“Making a game more broadly competitive, that is to say more people feel like they have a chance at it, is a matter of making it so that you reward the right things in the game,” Garfield said, noting that the luck of a die roll in Half Truth regulates the value of getting an answer right. “My goal for using luck in a game is that it should make it so everybody has a chance — at least to have small victories — but it doesn’t overwhelm the game so the best players will still more often win.”

The game originally launched on Kickstarter in 2019, where it was quickly funded and made a reality. Later this week it officially hits stores, entering the market at a fascinating and harrowing time. Jennings and Garfield both know their name recognition give them an advantage in a crowded field full of diverse options, but they hope the design and potential of the title speaks for itself.

“In some respects I feel bad about it,” Jennings said. “Because I don’t think the best thing about the game is that you might have heard of the names on the box. But I like that gaming has got to a point where there are auteurs of gaming. People have designers they like and designers they don’t like and people consider it like an art form.”

Jennings spoke of growing up in a time where board games were more product than art, and Garfield raved about the “marvelous” diversity of gaming concepts and genres emerging in recent years that helped him get interested in trivia games. Seeing the father of Magic and King of Tokyo take to trivia may be a change of pace, but the result is certainly something worth giving a chance.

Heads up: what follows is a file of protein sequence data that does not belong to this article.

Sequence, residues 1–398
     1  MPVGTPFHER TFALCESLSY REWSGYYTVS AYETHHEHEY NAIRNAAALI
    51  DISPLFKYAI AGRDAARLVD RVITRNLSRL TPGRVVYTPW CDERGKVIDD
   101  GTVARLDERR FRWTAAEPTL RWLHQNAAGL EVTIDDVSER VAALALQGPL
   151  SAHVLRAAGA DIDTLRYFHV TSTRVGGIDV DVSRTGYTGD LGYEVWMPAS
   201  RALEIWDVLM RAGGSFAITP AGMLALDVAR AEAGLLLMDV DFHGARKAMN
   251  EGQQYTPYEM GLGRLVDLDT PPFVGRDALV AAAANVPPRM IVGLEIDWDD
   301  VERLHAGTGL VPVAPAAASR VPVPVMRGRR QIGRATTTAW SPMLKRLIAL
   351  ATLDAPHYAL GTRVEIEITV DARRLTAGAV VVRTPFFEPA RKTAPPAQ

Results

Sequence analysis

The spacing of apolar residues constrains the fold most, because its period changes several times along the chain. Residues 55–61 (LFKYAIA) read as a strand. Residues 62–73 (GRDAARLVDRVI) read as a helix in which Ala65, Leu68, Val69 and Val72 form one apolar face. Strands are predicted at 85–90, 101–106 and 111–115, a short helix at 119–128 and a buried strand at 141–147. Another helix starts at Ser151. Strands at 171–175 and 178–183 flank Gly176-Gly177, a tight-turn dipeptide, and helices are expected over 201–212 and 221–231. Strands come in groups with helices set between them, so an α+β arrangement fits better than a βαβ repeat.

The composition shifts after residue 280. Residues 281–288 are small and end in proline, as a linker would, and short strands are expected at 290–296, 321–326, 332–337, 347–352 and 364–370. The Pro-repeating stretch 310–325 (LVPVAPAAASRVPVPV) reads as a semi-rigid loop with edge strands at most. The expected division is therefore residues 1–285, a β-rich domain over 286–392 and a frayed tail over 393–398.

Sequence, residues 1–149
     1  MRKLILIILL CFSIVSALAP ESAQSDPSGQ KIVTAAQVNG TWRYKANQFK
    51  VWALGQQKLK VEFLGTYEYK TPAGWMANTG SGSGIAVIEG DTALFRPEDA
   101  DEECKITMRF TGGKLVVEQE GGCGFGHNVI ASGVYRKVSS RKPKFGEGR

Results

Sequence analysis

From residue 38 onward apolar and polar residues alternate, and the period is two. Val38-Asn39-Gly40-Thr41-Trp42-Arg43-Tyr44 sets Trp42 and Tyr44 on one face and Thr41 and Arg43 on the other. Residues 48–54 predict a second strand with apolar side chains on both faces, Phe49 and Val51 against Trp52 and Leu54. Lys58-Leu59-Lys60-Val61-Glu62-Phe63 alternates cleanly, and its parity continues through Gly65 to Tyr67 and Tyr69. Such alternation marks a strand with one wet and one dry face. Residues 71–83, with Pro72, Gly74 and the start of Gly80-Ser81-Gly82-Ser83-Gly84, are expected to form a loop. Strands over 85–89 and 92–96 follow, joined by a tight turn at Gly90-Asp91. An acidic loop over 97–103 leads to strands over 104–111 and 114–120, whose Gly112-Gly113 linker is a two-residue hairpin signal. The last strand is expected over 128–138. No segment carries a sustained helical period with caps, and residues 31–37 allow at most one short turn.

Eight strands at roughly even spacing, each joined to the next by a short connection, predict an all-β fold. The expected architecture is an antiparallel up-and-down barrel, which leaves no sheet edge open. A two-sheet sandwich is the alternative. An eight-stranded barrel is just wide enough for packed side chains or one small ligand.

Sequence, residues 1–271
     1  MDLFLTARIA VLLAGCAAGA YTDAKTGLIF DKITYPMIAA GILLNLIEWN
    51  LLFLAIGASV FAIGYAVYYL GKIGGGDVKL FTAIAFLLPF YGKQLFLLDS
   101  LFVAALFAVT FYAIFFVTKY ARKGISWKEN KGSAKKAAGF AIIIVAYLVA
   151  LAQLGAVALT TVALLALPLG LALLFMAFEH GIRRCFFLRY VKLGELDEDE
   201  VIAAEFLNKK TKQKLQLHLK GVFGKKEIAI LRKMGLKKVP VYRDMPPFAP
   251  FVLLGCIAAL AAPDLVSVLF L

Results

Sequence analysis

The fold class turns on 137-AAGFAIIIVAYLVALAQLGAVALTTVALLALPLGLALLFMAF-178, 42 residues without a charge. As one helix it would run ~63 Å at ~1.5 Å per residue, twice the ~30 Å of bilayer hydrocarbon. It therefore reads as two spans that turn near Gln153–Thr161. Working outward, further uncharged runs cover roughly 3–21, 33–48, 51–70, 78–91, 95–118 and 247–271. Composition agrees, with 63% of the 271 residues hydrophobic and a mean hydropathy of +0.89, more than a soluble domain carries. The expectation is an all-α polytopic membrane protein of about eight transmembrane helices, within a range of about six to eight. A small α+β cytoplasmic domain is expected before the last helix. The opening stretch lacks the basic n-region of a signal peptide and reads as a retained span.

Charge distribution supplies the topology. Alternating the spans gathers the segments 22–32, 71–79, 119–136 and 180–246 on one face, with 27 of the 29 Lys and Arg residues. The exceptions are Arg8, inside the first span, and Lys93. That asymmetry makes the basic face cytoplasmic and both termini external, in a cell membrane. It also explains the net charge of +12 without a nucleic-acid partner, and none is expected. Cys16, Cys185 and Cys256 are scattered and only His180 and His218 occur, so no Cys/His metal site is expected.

“I hope that people trust Richard on games if they’re fans of his. And I hope people trust me on trivia, and obviously that makes it easier for us to sell the game,” Jennings said. “I kind of wish that everybody had that opportunity, but I don’t think we’re going to lead you astray. I don’t think you’ll be lied to if you got the game because our names were on the box.

Half Truth does lie to you. Three times every card, in fact. But once you play a few rounds, you start to see exactly what Jennings really means.